by Nick Petty
I came back from a scavenging run to find him sitting on my porch with a rifle laid across his lap. He claimed his name was One Bullet. I introduced myself as Patrick because that’s the name my mother gave me. He said he hadn’t met many Patricks lately. Plenty of Burnt Faces and No Thumbs and other such descriptions. I told him I wasn’t one to follow fads no matter how close the world was to ending. He called me Wise One after that.
He was a sparrow of a man and in spite of his gun he didn’t seem threatening, so I offered him lodging on the condition he share a vintage I’d been saving. He asked what’s the catch, so I told him I just wanted company on account of me having no friends in town. No enemies nor strangers for that matter.
We drank ourselves stupid, and at the bottom of the bottle I challenged One Bullet to sharpshoot a tin off a fencepost. He accepted and fired and missed. When he left the next morning, he was pretty low, grumbling about a sore head and a lack of identity.
I found him later that week, spread across the pavement at the base of an empty tower block. According to his wallet he was once called Clarence. When I buried his pieces in a nearby park, I chiselled that name into a rock and laid it on top of the turned earth.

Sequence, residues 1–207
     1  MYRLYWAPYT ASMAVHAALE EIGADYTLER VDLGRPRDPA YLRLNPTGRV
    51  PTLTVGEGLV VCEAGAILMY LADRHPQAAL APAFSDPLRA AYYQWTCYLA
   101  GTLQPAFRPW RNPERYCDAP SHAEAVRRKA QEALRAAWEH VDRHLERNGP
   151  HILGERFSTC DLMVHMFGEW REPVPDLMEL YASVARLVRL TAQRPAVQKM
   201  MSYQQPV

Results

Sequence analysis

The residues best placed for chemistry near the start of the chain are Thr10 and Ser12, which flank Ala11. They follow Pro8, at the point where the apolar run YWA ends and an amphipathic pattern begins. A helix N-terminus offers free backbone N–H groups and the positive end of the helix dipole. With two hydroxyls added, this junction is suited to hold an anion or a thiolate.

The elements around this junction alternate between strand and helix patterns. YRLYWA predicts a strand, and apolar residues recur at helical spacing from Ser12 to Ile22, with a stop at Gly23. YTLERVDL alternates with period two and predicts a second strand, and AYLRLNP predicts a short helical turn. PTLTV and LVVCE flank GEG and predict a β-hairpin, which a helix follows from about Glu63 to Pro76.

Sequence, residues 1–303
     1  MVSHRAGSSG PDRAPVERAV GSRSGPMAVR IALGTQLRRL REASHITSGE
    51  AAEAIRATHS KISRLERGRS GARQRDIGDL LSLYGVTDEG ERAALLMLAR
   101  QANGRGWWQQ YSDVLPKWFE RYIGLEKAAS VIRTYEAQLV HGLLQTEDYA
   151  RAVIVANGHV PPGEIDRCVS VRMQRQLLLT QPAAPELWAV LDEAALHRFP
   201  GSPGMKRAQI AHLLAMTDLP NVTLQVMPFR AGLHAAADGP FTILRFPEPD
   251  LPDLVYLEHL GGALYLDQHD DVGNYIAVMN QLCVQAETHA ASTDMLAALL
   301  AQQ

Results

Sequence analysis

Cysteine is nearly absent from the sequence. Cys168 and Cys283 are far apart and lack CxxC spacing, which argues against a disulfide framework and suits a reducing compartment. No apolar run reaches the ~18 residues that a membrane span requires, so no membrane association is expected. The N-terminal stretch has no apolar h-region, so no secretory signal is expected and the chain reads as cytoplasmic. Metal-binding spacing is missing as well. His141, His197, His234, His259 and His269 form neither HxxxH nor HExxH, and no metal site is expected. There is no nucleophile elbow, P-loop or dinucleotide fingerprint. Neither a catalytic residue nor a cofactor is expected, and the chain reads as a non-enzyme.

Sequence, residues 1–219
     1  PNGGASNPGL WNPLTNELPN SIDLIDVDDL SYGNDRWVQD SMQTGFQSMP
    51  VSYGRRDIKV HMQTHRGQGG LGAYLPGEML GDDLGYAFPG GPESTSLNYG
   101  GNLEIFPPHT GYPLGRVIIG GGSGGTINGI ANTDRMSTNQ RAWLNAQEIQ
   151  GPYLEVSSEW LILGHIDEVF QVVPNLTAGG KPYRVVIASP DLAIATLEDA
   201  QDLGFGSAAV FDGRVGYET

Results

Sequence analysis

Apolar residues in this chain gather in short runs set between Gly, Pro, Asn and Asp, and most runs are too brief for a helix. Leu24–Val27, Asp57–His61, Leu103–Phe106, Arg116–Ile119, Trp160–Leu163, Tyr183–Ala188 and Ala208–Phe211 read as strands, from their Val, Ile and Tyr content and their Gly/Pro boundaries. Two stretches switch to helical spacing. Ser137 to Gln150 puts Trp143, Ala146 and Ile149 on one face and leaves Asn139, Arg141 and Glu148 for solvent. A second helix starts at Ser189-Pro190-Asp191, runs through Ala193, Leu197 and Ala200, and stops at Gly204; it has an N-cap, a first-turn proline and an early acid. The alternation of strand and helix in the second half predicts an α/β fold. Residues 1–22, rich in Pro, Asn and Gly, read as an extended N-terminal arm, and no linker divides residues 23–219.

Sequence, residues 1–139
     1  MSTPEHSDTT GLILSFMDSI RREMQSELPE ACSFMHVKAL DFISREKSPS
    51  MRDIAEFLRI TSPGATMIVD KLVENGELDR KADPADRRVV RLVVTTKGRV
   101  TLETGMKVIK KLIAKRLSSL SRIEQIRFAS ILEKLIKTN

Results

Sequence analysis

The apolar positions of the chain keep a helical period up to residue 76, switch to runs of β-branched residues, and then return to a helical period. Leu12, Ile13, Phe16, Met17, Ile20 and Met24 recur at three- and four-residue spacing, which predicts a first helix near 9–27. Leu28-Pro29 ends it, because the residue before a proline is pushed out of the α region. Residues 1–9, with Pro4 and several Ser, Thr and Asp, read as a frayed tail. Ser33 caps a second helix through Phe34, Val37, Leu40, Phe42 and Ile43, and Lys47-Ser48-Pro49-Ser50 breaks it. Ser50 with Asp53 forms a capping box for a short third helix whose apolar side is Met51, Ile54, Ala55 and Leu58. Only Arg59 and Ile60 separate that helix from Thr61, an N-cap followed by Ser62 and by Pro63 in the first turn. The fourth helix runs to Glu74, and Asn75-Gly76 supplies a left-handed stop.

I was never destined to be wise. Even my mother would have told you that. But it’s all relative, I suppose, and folk don’t always rise into enlightenment. Sometimes the whole world just falls around them.
Nick Petty is a British writer living in Utrecht, the Netherlands. His work has previously been published in the 2018 Bath Short Story Award Anthology and as part of the 2018/19 Galley Beggar Press Short Story Prize. He hopes one day to write a half decent novel and own a half decent dog. Twitter: @nickpetty6.